References

Citations

  1. Busacker-Lührssen 1997, p. 6.
  2. Obermaier 1989, p. 243.
  3. Weal 2001, p. 66.
  4. Scutts 1994, p. 60.
  5. Weal 2003, p. 97.
  6. Obermaier 1989, p. 59.
  7. 7.0 7.1 7.2 Stockert 1997, p. 372.
  8. Patzwall 2008, p. 74.
  9. Patzwall & Scherzer 2001, p. 106.
  10. Fellgiebel 2000, p. 175.
  11. 11.0 11.1 Scherzer 2007, p. 299.
  12. Fellgiebel 2000, p. 72.

Bibliography

  • Ettel, Wolf (1997). Busacker-Lührssen, Ilse, ed. Sie nannten ihn König der Kubanjäger — Feldpostbriefe 1941–1943 des Jagdfliegers Wolf Ettel (in German). Frankfurt am Main, Germany: Haag + Herchen. ISBN 978-3-86137-579-1. Unknown parameter |trans_title= ignored (help) <templatestyles src="Module:Citation/CS1/styles.css"></templatestyles>
  • Fellgiebel, Walther-Peer (2000). Die Träger des Ritterkreuzes des Eisernen Kreuzes 1939–1945 — Die Inhaber der höchsten Auszeichnung des Zweiten Weltkrieges aller Wehrmachtteile (in German). Friedberg, Germany: Podzun-Pallas. ISBN 978-3-7909-0284-6. Unknown parameter |trans_title= ignored (help) <templatestyles src="Module:Citation/CS1/styles.css"></templatestyles>
  • Obermaier, Ernst (1989). Die Ritterkreuzträger der Luftwaffe Jagdflieger 1939 – 1945 (in German). Mainz, Germany: Verlag Dieter Hoffmann. ISBN 978-3-87341-065-7. Unknown parameter |trans_title= ignored (help) <templatestyles src="Module:Citation/CS1/styles.css"></templatestyles>
  • Patzwall, Klaus D.; Scherzer, Veit (2001). Das Deutsche Kreuz 1941 – 1945 Geschichte und Inhaber Band II (in German). Norderstedt, Germany: Verlag Klaus D. Patzwall. ISBN 978-3-931533-45-8. Unknown parameter |trans_title= ignored (help) <templatestyles src="Module:Citation/CS1/styles.css"></templatestyles>
  • Patzwall, Klaus D. (2008). Der Ehrenpokal für besondere Leistung im Luftkrieg (in German). Norderstedt, Germany: Verlag Klaus D. Patzwall. ISBN 978-3-931533-08-3. Unknown parameter |trans_title= ignored (help) <templatestyles src="Module:Citation/CS1/styles.css"></templatestyles>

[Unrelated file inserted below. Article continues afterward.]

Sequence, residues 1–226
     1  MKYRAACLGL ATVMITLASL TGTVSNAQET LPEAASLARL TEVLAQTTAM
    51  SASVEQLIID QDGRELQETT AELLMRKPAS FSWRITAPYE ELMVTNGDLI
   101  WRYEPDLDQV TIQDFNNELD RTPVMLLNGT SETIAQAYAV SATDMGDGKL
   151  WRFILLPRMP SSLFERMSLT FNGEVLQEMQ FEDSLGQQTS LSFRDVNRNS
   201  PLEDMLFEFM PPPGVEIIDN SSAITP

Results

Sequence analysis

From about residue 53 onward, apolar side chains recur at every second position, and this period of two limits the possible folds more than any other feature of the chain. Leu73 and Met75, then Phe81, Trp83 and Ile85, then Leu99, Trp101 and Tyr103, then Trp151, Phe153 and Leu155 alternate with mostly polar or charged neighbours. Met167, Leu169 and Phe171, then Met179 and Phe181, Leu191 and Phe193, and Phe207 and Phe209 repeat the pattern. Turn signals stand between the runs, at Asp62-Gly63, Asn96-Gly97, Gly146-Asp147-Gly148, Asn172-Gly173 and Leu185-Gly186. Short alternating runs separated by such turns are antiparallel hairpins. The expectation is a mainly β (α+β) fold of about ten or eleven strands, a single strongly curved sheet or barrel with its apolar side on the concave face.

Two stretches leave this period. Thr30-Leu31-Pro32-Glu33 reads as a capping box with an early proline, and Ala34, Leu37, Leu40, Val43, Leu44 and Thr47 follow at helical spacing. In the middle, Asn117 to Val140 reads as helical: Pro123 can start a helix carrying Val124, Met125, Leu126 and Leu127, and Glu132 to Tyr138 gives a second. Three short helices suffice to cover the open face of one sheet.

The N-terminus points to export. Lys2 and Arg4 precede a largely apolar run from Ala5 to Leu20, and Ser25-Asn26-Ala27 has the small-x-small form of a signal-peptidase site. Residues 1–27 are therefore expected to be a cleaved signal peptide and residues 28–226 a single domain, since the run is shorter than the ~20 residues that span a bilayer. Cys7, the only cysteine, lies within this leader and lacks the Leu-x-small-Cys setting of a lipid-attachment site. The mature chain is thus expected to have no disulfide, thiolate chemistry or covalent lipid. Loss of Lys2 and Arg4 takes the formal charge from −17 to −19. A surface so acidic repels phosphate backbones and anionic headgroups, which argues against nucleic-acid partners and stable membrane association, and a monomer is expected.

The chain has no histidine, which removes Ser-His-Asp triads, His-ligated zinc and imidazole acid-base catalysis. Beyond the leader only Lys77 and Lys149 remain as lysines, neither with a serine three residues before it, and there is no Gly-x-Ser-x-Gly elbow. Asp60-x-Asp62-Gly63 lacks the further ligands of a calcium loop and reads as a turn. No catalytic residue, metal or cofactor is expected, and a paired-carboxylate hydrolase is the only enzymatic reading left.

• Scherzer, Veit (2007). Die Ritterkreuzträger 1939–1945 Die Inhaber des Ritterkreuzes des Eisernen Kreuzes 1939 von Heer, Luftwaffe, Kriegsmarine, Waffen-SS, Volkssturm sowie mit Deutschland verbündeter Streitkräfte nach den Unterlagen des Bundesarchives (in German). Jena, Germany: Scherzers Miltaer-Verlag. ISBN 978-3-938845-17-2. Unknown parameter |trans_title= ignored (help) <templatestyles src="Module:Citation/CS1/styles.css"></templatestyles>
  • Scutts, Jerry (1994). Bf 109 Aces of North Africa and the Mediterranean. London, UK: Osprey Publishing. ISBN 978-1-85532-448-0.<templatestyles src="Module:Citation/CS1/styles.css"></templatestyles>
  • Spick, Mike (1996). Luftwaffe Fighter Aces. New York: Ivy Books. ISBN 978-0-8041-1696-1.<templatestyles src="Module:Citation/CS1/styles.css"></templatestyles>
  • Stockert, Peter (1997). Die Eichenlaubträger 1939–1945 Band 3 (in German). Bad Friedrichshall, Germany: Friedrichshaller Rundblick. ISBN 978-3-932915-01-7. Unknown parameter |trans_title= ignored (help) <templatestyles src="Module:Citation/CS1/styles.css"></templatestyles>
  • Thomas, Franz (1997). Die Eichenlaubträger 1939–1945 Band 1: A–K (in German). Osnabrück, Germany: Biblio-Verlag. ISBN 978-3-7648-2299-6. Unknown parameter |trans_title= ignored (help) <templatestyles src="Module:Citation/CS1/styles.css"></templatestyles>
  • Weal, John (2001). Bf 109 Aces of the Russian Front. Oxford, UK: Osprey Publishing. ISBN 978-1-84176-084-1.<templatestyles src="Module:Citation/CS1/styles.css"></templatestyles>
  • Weal, John (2003). Jagdgeschwader 27 'Afrika'. London: Osprey Publishing. ISBN 1-841765-38-4.

External links

  • Petr Kacha. "Wolf-Udo Ettel". Aces of the Luftwaffe. Retrieved 22 May 2015.<templatestyles src="Module:Citation/CS1/styles.css"></templatestyles>
  • "Wolf-Udo Ettel". World War 2 Awards. Retrieved 22 May 2015.<templatestyles src="Module:Citation/CS1/styles.css"></templatestyles>